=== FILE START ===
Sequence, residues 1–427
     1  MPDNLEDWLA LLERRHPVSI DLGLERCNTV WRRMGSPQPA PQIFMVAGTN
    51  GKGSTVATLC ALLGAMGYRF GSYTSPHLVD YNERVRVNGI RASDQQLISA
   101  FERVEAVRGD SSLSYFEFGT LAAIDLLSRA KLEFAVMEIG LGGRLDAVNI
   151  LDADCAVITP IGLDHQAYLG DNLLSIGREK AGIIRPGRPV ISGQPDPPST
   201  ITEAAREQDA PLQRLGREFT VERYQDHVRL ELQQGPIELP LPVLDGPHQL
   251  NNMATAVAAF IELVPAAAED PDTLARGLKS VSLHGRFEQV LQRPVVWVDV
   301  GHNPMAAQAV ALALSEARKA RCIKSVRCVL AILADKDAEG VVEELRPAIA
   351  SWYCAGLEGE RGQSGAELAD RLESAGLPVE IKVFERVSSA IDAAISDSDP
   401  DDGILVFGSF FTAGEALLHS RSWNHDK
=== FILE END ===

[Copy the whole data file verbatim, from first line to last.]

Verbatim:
Sequence, residues 1–427
     1  MPDNLEDWLA LLERRHPVSI DLGLERCNTV WRRMGSPQPA PQIFMVAGTN
    51  GKGSTVATLC ALLGAMGYRF GSYTSPHLVD YNERVRVNGI RASDQQLISA
   101  FERVEAVRGD SSLSYFEFGT LAAIDLLSRA KLEFAVMEIG LGGRLDAVNI
   151  LDADCAVITP IGLDHQAYLG DNLLSIGREK AGIIRPGRPV ISGQPDPPST
   201  ITEAAREQDA PLQRLGREFT VERYQDHVRL ELQQGPIELP LPVLDGPHQL
   251  NNMATAVAAF IELVPAAAED PDTLARGLKS VSLHGRFEQV LQRPVVWVDV
   301  GHNPMAAQAV ALALSEARKA RCIKSVRCVL AILADKDAEG VVEELRPAIA
   351  SWYCAGLEGE RGQSGAELAD RLESAGLPVE IKVFERVSSA IDAAISDSDP
   401  DDGILVFGSF FTAGEALLHS RSWNHDK